I'm keeping more than half an eye on the Mississippi flooding. Of course, it's raised havoc with farming. It's hard to plow and plant a field that has motor boats traveling across it. Then there's the issue with barge traffic. A good bit of food and fuel normally travel that old river. Food prices are going to go up.
Factor in unsettled weather around the rest of the world, and there isn't going to be enough grain to go around. Sure, we could stop feeding grain to animals and there might be enough to feed all the humans, but where's the profit in that? Apparently the world doesn't work that way. Those who have the money want to eat meat. Doesn't matter if they are American, Chinese, Indian or whatever; anyone with a few extra dollars to spend ends up spending it on meat.
Those people near the bottom, those who are already only eating grains, will suffer the most. Don't be surprised when the poor riot. They've got nothing left to lose. In the future, looting might be the proper survival strategy. Not a nice world to live in, but that's where the world's choices are leading us.
So . . . what are we going to plant in our garden, should it ever stop raining? In northern New England, we don't grow a lot of wheat. A few farmers have reintroduced it, but it's not grown on any large scale. Buckwheat grows around here, but isn't even a real grain, it's a herb. It does make a pretty decent pancake. Farmers plant a lot of corn. A fair bit of it goes to dairy cattle. I've never been a big fan of growing corn in the home garden.
The exception is to grow it using the old Native American three sisters system. Corn is planted with squash and beans. The beans climb the corn stalks and the squash vines run along the ground. This system can't be harvested with a combine, but works good for the home gardener working by hand.
All the same, my garden plots are too small and too isolated to plant corn. It's just not worth the space. What is worth the space and can be grown easily? Now a lot of people love to plant their salad fixings: tomatoes, lettuce, onions, peppers -you name it. Garden fresh salads are great in the summer, but they don't really have the calories, plus storage can be a problem. Yes, I know tomatoes are canned or dried, but nobody cans lettuce. The very thought appalls one.
Where are you going to get those filling calories when the gardens have been put to bed? Potatoes work for me. They are easy to grow, produce well, have a lot of calories, and store easily. There are a lot of things that can be done with potatoes. Beans are good too. Beans are easy to grow. They come up quick, are good eating fresh, and can be canned or dried for later. Squash is another one. I once had an organically grown squash get lost behind some storage bins in my kitchen. Two years later is was still good to eat. I wouldn't count on yours lasting that long, but squash will get you through the winter.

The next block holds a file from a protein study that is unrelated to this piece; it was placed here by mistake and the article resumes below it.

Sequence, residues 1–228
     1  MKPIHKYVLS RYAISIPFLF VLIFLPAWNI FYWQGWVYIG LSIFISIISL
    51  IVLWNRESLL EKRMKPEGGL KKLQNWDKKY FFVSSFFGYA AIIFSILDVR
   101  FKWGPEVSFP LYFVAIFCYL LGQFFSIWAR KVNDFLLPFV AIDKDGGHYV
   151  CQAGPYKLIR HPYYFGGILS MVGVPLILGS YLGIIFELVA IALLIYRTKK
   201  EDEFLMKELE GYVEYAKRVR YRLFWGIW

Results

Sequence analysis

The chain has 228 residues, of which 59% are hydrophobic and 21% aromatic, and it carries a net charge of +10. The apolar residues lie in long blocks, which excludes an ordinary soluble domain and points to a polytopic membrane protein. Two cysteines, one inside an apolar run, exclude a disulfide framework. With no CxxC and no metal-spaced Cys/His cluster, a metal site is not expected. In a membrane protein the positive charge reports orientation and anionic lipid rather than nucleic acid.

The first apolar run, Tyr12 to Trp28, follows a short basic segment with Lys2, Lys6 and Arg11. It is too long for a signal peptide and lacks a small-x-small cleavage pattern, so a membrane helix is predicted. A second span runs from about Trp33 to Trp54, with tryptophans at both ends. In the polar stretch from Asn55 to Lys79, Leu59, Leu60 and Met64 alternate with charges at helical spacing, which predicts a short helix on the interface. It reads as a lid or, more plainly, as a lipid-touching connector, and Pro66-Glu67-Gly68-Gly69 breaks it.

Don't plan on having your full growing season. For example, if you normally count on 100 frost free days, maybe you should plan on 75, or 50. It might take an extra month for things to dry out, then cool weather could come early. Better to have something that matures quickly than watch your grain crop fail just before harvest.
A survival garden is all about calories. Sure that salad stuff is fine. Plant some. It's good eating and good for you. However, make sure you have something simple like potatoes that will fill your larder. Don't be afraid to plant something different too. I'm going to try sun-chokes (Jerusalem artichokes) again this year. Last year, raccoons got them all. (maybe I'll try eating raccoon) This year I'll plant them closer to the house where the dog can keep a watch for invaders.
I've some nut trees coming into their own this year. Nuts store well and have the calories you'll need. They are nice to have, but take years to mature.
Also in the very nice to have category, my hop plants are doing well this year. I could get a usable batch of flowers for brewing. I just hope the nation's barley does will this year. Can't make a decent beer without it, and I don't grow it my own self. Let us all pray for the barley crop. We might need that icy cold brew in the tough days ahead.
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